DENVER - In some cases, the victims don't realize they've consumed pot.
University of Colorado Senior Sarah Meyer is getting ready for final exams. A change from last Friday, when she thought she was going to die.
"I was light headed. Dizzy," said Meyer.
The reaction after police say two of her classmates served marijuana laced brownies at a lecture, an apparent prank.
"I really felt something was wrong. I didn't feel like myself. I didn't understand why I was feeling this way. So I thought it was a blood clot," said Meyer.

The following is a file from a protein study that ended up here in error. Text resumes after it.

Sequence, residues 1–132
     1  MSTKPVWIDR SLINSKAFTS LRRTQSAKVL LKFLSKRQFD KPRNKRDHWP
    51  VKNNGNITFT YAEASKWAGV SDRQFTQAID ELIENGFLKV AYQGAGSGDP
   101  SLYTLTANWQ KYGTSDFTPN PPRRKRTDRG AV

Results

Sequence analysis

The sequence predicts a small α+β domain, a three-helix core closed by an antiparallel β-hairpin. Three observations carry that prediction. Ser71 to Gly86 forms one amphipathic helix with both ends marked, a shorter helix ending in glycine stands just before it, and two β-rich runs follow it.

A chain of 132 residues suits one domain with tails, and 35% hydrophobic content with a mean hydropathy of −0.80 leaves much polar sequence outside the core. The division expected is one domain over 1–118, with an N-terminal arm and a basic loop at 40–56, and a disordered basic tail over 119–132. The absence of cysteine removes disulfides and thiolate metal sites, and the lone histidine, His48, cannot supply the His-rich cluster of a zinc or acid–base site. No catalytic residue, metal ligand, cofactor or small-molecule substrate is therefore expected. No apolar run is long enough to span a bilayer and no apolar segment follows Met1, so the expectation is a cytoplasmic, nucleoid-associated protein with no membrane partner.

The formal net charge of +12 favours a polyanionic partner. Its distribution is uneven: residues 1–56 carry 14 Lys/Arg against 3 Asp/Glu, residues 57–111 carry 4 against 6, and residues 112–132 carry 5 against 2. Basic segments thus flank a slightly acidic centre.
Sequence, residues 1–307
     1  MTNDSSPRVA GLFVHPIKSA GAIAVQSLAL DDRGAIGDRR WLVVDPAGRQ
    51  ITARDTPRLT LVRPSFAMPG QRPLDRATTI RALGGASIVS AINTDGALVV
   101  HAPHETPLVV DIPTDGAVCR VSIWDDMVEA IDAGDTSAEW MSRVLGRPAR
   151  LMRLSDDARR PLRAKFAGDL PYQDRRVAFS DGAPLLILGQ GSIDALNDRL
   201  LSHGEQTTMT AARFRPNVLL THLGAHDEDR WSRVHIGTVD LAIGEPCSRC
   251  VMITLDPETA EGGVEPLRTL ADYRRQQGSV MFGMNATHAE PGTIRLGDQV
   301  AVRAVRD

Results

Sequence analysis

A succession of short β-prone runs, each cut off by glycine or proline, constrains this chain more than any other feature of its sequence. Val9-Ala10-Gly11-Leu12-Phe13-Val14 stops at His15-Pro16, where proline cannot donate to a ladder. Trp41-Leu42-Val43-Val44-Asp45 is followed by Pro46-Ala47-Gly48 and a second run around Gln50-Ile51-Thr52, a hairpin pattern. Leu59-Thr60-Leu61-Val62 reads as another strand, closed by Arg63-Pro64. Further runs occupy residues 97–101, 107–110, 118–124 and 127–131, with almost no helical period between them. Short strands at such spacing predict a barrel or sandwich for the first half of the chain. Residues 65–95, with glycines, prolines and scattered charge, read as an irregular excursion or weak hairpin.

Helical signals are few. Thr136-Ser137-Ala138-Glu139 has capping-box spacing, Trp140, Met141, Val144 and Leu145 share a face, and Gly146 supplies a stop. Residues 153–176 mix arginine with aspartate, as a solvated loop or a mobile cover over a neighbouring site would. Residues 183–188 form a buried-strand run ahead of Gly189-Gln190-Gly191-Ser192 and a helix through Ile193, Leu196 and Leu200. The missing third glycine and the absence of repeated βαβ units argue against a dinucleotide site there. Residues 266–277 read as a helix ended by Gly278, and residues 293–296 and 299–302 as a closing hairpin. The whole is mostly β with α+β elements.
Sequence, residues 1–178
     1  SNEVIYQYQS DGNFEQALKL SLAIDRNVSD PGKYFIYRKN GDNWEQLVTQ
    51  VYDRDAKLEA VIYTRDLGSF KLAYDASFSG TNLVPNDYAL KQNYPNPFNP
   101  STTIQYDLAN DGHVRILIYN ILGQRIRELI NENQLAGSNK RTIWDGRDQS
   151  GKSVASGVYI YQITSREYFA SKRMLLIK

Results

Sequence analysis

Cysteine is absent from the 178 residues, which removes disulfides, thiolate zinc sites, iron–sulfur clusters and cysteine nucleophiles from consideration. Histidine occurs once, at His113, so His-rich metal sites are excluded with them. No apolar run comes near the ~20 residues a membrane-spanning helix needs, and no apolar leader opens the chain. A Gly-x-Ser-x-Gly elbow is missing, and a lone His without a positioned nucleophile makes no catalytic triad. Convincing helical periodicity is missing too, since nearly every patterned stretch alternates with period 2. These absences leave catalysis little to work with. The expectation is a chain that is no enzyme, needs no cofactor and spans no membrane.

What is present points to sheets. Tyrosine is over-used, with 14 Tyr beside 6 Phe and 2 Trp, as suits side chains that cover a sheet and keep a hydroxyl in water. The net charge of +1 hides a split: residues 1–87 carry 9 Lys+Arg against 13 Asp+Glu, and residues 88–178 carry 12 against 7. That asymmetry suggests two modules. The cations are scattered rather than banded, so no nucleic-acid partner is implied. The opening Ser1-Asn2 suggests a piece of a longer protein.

7NEWS checked with Rocky Mountain Poison and Drug Center..
Over the past three years - the number of marijuana ingestion cases has been growing steadily.
"Are those numbers an accurate reflection of the the problem?" asked 7NEWS reporter Marc Stewart.
"I think they're probably under reported by half," said medical director Alvin Bronstein.
While the reasons for that vary, with more marijuana expected on the marketplace - the numbers could grow even further.
"I think as time goes by we'll see more exposures to marijuana. Because it's more available. People are exposed to what's available," said Dr. Bronstein.
Cases like Sarah Meyer's where someone is unknowingly poisoned are described as rare - but she will tell you just as serious.
"It took a lot of time out. And like very stressful," said Meyer.